In my last post, I showed that deception is the only perversion proper to speech. In philosophical terms, only that which is symbolized can be used to deceive others. Deception does not always occur. Deception is either intentional or accidental: accidental deception requires success and intentional deception requires an intent to deceive.

Deception requires three elements: a deceiver, a deceived person and a deceptive message. A deceiver is the person who writes the deceptive message. This person may or may not intend to deceive another person. A deceived person is the person who reads the deceptive message. This person may or may not be deceived. The deceptive message is a message that represents the world falsely. This message need not be verbal or written. It simply needs to be meaningful. Someone who fails to send a message may be deceiving someone else if the lack of a message is itself a message.

Deception may be viewed in two ways. The first way is if the deception is successful. The second way is if the deception is intentional. If the deception is successful then there is a deceived person who believes a deceptive message. If the deception is intentional then there is a deceiver who intends to deceive and message that is intended to be deceptive. This means that there are two ways that a message might be deceptive. In the first way, the deceiver believes that the message is false. In the second way, the deceived believes that the message is false. If the deception is not successful nor intentional, then no deception has happened. But due to difference in understanding, it is still possible for the deceived to believe that he was the target of deception. This last possibility cannot be called deception. I will refer to this as a pseudodeceptive misunderstanding.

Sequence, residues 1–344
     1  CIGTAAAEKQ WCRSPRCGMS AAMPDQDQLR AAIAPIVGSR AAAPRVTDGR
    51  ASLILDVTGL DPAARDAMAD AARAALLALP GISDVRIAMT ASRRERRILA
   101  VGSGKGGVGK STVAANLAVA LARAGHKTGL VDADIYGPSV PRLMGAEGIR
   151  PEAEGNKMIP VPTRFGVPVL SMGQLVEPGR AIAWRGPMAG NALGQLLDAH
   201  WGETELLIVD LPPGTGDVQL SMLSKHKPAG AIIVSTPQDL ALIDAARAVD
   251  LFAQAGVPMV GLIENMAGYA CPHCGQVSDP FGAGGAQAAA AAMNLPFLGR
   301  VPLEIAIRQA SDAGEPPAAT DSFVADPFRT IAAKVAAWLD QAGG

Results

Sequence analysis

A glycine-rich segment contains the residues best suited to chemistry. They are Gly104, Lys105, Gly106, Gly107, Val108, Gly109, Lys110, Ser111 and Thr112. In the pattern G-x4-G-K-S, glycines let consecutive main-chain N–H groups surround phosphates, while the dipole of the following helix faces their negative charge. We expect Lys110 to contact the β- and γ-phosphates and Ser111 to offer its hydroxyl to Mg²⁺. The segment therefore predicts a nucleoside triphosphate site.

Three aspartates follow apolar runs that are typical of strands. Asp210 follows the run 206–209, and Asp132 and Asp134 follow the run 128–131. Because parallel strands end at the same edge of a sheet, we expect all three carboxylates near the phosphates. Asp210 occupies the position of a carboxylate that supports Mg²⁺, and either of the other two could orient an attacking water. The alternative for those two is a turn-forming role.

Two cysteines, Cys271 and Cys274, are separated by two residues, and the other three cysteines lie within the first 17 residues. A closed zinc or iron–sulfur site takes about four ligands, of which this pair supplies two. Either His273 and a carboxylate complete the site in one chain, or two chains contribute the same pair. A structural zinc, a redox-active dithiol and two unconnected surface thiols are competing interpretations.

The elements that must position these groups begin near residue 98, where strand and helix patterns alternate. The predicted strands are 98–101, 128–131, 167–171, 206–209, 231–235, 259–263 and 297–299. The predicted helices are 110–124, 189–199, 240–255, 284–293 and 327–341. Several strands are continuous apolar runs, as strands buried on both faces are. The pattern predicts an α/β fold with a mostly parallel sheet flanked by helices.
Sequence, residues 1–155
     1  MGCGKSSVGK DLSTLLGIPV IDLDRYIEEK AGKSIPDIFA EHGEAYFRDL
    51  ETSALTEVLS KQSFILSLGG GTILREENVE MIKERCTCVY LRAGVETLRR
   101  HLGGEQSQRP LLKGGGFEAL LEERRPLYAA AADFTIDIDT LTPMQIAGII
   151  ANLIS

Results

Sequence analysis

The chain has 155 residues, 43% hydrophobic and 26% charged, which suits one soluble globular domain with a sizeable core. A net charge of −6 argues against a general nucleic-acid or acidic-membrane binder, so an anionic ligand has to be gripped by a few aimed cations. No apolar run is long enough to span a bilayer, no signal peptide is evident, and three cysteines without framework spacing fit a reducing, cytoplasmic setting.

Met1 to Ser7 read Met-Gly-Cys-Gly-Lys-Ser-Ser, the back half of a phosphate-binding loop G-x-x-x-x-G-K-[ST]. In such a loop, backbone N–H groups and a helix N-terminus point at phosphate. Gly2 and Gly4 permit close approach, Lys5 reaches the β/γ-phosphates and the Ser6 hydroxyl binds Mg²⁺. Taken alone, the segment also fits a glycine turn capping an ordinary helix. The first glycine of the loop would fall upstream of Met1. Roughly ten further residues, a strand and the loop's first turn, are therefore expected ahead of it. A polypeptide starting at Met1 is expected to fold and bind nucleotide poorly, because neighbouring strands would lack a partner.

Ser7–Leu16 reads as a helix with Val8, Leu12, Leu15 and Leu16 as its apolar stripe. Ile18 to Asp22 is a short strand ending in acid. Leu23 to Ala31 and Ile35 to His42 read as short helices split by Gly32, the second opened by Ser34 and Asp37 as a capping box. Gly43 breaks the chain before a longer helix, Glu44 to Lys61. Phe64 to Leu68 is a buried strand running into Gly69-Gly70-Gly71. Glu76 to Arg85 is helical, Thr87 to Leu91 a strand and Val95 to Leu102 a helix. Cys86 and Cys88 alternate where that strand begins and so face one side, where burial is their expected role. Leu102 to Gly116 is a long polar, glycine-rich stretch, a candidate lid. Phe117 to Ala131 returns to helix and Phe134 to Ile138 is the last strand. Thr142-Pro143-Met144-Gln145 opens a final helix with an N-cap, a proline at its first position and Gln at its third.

When discussing moral action, it is not really possible to account for all cases of success. It is only possible to account for those that are reasonably known. This means that deception cannot be wrong merely because it succeeds. It must be wrong because it was reasonable to believe that it would succeed before it was tried. This means that there are only two possible circumstances under which deception would be wrong. The first circumstance is when deception is intended. The second circumstance is when it is reasonable to believe that a deceptive message will successfully deceive the person who reads it.

But it is rather difficult to evaluate whether or not a message will successfully deceive someone. Furthermore, it is not really necessary. All that is necessary is to evaluate whether or not the readers would believe that the message itself is false. If we are reasonably sure that the message is true and would be understood that way by them then there is nothing wrong with sending a person this message. If not, then sending the message would not be advisable.

This leads into a discussion of three areas: the proper amount of time spent on determining such things and whether or not intentional or accidental deception is ever permissible. Next, I will discuss accidental deception in further detail.

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